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Wardriving (take 1)

Started: 2004-08-14 20:45:46

Submitted: 2004-08-14 21:15:07

Visibility: World-readable

This afternoon, Bitscape and I wandered around Louisville and Lafayette (they're co-joined small cities in Colorado, just in case anyone was wondering) in Tobias with Elssbett, my GPS, and wireless card searching for wireless access points.



  • Elssbett, a powerful Dell Inspiron 7000 Pentium II 366 MHz.
  • Garmin eTrex Vista and serial cable.
  • Netgear MA111 USB 802.11b adapter. (I used a USB extension to set it on the dashboard in hopes of getting a better signal.)
  • Tobias, a Plymouth Neon, circa 2000.


I spent the first fifteen minutes trying to figure out if Kismet was doing what I wanted it to do; once I found the log files (Debian tosses them in /var/log/kismet), I was happy. Until I was underway, I didn't discover that integrating GpsDrive and Kismet in real time requires MySQL, so I ended up running gpsd and watching the map in one window while Kismet sniffed (and logged) merrily away in another window. Bitscape and I spent about an hour and a half driving around, mostly in a bizarre figure-eight pattern. We found plenty of networks in the upper-middle-class neighborhoods we drove through, and even a few in bizarre places on otherwise-empty roads.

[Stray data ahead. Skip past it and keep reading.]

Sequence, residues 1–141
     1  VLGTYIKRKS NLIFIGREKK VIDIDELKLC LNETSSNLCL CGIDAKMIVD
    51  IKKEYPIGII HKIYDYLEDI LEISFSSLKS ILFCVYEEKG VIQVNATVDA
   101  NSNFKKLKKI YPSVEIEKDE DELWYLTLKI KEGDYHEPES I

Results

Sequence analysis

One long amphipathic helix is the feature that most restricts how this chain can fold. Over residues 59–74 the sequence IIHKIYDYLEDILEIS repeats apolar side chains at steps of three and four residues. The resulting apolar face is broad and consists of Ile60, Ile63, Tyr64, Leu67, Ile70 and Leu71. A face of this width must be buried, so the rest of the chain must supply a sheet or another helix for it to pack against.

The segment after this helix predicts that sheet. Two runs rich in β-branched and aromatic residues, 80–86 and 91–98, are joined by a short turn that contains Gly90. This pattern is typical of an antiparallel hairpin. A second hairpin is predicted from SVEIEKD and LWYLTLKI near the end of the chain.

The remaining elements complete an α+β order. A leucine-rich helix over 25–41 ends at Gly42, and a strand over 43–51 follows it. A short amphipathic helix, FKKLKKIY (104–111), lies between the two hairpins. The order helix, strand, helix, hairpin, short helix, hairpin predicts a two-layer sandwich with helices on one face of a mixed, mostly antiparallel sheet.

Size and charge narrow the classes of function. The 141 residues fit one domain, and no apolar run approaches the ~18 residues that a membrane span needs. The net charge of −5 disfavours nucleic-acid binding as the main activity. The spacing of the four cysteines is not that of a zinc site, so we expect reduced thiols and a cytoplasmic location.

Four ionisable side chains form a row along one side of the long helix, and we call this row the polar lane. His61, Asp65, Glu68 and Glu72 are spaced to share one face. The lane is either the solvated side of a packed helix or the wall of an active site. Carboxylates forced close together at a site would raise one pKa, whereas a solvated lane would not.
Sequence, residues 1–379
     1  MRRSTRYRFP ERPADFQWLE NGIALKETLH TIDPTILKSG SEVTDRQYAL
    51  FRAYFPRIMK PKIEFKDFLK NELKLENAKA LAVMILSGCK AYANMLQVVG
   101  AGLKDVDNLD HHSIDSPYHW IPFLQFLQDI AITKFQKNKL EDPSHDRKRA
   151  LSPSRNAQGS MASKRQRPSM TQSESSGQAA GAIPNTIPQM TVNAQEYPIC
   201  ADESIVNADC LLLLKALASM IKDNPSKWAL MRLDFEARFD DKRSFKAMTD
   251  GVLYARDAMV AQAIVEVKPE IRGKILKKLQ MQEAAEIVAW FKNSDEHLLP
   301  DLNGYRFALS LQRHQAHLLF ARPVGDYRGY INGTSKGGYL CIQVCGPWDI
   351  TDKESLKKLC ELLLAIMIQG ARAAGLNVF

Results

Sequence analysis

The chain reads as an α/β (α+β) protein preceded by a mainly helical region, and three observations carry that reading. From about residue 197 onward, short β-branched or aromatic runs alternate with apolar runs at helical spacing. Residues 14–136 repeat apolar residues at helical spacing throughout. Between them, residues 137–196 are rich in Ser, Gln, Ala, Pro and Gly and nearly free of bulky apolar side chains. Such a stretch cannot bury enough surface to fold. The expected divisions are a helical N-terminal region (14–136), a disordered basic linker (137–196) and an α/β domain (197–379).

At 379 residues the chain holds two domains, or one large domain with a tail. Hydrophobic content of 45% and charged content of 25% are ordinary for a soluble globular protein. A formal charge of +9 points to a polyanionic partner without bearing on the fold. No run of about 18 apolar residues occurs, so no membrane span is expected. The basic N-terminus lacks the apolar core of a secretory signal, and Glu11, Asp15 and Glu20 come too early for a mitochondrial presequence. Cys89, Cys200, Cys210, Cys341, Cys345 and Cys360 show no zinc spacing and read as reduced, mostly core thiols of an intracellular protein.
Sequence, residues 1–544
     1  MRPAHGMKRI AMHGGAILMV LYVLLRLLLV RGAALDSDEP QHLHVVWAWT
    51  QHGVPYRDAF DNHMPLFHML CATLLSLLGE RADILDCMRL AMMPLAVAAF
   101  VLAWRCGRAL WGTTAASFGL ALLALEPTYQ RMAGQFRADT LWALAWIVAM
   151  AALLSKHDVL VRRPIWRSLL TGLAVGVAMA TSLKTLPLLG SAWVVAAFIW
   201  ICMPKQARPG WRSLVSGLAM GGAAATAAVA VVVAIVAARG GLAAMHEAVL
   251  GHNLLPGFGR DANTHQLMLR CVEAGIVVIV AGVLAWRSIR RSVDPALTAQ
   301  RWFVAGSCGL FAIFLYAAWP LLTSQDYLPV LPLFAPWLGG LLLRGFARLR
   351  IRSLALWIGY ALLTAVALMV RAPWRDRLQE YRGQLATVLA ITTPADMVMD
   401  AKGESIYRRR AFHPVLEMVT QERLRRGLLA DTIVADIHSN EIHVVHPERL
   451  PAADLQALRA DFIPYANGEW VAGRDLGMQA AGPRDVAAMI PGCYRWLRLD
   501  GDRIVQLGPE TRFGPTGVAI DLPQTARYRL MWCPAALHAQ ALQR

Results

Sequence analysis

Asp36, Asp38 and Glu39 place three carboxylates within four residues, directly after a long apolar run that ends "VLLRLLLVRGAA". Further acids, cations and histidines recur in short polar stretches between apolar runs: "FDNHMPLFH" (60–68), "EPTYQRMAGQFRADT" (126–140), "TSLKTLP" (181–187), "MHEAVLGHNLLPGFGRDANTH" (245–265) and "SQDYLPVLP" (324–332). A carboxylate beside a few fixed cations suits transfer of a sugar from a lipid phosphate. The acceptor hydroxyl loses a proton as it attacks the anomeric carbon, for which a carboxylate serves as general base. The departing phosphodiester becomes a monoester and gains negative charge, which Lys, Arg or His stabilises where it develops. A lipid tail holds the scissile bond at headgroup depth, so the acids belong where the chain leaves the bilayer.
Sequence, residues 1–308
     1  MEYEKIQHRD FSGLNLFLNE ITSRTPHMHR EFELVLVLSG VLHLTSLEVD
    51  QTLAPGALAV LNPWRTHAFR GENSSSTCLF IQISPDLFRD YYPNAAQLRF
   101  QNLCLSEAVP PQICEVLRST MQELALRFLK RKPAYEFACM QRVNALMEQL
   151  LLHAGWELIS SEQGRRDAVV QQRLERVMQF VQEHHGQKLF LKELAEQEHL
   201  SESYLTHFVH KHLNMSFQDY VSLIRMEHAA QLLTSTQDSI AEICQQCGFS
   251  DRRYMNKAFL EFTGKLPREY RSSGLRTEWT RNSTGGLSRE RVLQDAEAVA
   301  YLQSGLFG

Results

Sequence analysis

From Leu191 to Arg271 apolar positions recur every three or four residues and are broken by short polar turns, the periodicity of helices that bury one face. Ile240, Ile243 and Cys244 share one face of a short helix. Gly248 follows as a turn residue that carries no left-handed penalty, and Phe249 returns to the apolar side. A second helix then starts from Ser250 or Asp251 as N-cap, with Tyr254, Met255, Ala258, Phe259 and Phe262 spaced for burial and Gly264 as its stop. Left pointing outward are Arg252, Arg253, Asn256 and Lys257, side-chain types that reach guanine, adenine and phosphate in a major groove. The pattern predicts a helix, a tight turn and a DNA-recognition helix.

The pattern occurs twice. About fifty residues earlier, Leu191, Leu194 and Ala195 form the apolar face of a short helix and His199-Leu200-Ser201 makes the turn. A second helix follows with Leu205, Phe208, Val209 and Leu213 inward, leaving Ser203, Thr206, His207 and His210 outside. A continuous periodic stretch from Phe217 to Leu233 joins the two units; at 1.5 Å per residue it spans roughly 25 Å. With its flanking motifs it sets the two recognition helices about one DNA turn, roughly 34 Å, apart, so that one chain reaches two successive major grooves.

That map was generated using gpsmap, which is part of kismet. In theory, the colors are supposed to indicate the combined power of the wireless networks, although I abused the power interpolation feature (which is really supposed to be used with regular sampling throughout the area in question); I'm posting this picture mostly because I think it looks cool. The base satellite photography came from Terraserver. The incantations I used (since I'm fairly confident I'll want to know what they were in the future) were:

gpsmap -S 2 -d 1024,768 -s 14 --draw-power --draw-track /var/log/kismet/Kismet-Aug-14*.gps